Data from cell and animal studies indicates that the early stages of diabetes are associated with detrimental changes in coronary microvascular function, and this is linked to dysfunction of the mitochondria – the batteries of the cells. However, resveratrol was found to protect mitochondrial function, and may support cardiovascular health for diabetics.
“We demonstrate that hyperglycaemia leads to mitochondrial dysfunction in microvascular endothelial cells, and that mitochondrial inhibition induces endothelial dysfunction,” wrote scientists from Baker IDI Heart and Diabetes Institute in Melbourne (Australia), Monash University (Australia), and the University of Kentucky College of Medicine (USA) in Diabetes and Vascular Disease Research.
“Additionally, we show that resveratrol acts as a protective agent; resveratrol-mediated mitochondrial protection may be used to prevent long-term diabetic cardiovascular complications.”
Resveratrol is a powerful polyphenol and anti-fungal chemical that is often touted as the bioactive compound in grapes and red wine. Interest in the compound exploded in 2003 when research from David Sinclair and his team from Harvard reported that resveratrol was able to increase the lifespan of yeast cells. According to Sinclair’s findings, resveratrol could activate a gene called sirtuin1 (Sirt1 – the yeast equivalent was Sir2), which is also activated during calorie restriction in various species, including monkeys.
Other studies with only resveratrol have reported other benefits, including supporting heart health, blood sugar management, and energy endurance enhancement.
There are also reports that resveratrol may influence mitochondrial function, and thereby affect aging. A 2014 paper published in the Journal of Food Science reported that resveratrol may counter the detrimental effects of a high fat diet including restoring mitochondrial function. Data from lab mice indicated that resveratrol appeared to increase the production of regulatory T cells (Tregs), which play a key role in modulating the immune system.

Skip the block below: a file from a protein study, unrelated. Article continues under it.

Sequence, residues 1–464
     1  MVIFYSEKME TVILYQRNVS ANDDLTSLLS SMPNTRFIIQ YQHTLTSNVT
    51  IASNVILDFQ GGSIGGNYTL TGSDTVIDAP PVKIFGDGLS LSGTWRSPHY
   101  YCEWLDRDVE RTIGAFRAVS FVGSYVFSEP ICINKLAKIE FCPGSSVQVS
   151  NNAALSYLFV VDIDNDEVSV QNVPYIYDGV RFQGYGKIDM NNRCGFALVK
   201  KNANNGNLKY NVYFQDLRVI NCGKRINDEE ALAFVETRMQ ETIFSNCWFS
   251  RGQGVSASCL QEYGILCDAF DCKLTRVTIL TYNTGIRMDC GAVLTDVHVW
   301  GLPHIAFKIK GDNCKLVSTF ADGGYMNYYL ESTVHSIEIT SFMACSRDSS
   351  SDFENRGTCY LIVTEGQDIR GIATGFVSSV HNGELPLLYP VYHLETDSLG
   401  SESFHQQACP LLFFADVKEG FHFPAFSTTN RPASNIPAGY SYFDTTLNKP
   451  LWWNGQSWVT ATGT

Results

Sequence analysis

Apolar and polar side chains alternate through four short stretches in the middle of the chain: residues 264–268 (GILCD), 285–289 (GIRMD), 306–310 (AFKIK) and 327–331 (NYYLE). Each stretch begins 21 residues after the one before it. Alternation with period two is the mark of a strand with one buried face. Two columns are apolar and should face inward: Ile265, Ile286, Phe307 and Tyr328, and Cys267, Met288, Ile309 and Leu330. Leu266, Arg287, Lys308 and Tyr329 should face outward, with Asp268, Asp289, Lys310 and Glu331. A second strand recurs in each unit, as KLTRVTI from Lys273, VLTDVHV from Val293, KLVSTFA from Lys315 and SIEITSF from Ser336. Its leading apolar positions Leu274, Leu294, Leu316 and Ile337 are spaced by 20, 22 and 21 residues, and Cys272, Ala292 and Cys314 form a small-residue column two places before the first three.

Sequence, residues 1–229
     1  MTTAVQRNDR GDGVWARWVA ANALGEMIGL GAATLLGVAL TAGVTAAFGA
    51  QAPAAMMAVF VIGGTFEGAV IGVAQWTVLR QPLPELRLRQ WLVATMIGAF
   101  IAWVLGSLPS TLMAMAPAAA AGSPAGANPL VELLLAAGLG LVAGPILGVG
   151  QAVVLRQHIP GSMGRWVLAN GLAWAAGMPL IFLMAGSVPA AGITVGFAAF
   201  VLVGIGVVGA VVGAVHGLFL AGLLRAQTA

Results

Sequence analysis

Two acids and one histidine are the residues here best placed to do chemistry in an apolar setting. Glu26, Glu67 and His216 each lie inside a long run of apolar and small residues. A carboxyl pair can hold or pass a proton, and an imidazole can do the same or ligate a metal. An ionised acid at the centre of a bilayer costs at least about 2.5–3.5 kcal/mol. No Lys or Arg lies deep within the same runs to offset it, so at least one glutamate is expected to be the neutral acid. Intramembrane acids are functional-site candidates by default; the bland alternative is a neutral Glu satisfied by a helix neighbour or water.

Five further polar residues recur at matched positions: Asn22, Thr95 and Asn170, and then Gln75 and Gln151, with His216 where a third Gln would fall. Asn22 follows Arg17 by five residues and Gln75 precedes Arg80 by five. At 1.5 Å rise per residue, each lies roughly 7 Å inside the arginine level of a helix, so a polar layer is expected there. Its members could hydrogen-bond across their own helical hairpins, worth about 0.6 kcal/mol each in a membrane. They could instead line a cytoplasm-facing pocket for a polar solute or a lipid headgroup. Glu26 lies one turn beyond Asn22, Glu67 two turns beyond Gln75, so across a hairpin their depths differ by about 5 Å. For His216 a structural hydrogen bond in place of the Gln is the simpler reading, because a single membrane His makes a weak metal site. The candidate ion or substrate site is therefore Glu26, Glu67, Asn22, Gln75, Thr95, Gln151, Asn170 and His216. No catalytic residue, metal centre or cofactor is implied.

Mitochondria and aging
It’s already well known that the function of mitochondria declines with age, while aging is a known risk factor for a number of common age-related and neurodegenerative disorders. This led researchers to propose that mitochondrial dysfunction may lead to degenerative diseases.
A role for oxidative stress has been proposed to promote mitochondrial dysfunction, leading researchers to examine if antioxidants such as CoQ10, and vitamins C and E may play a role, as well as other bioactives like nicotinamide riboside, a form of vitamin B3.
The new paper reports that elevated blood glucose levels may also produce mitochondrial dysfunction, and that resveratrol may ameliorate the cardiovascular complications.
For the new study, the researchers used human endothelial cells to investigate the effects of elevated blood glucose levels on cell function and mitochondrial dysfunction. They then used diabetic rats to evaluate the potential benefits to cardiovascular health of resveratrol. Data from the experiments revealed that the early stages of diabetes were associated with coronary microvascular dysfunction.
“Resveratrol is a known SIRT1 activator which prevents or delays the onset of many diseases such as cancer, ischaemic heart disease and other disease models,” wrote the researchers. “Resveratrol-mediated SIRT1 activation is known to regulate PGC-1alpha deacetylation and thus enhance mitochondrial biogenesis and function. Alternatively, SIRT1 is also recently shown to influence mitochondrial biogenesis as well as OXPHOS via PGC-1alpha-independent pathway which involves mitochondrial transcription factor A (TFAM)-mediated signalling. These resveratrol-activated SIRT1 pathways may directly affect mitochondrial function in response to hyperglycaemia.
“Accordingly, we examined the influence of resveratrol on the hyperglycaemia-induced inhibition of mitochondrial function in endothelial cells. Consistent with the above paradigm, resveratrol was able to reverse the effects of hyperglycaemia on mitochondrial function in endothelial cells.”
“Further studies into the potential of resveratrol as a possible therapeutic agent to delay and/or prevent these cardiovascular impairments and to normalize mitochondrial function are warranted,” they concluded.
Source: Diabetes and Vascular Disease Research
Volume 12, Number 3, Pages 208-16. doi: 10.1177/1479164114565629
“Role of mitochondrial dysfunction in hyperglycaemia-induced coronary microvascular dysfunction: Protective role of resveratrol”
Authors: M.S. Joshi, D. Williams, D. Horlock, et al.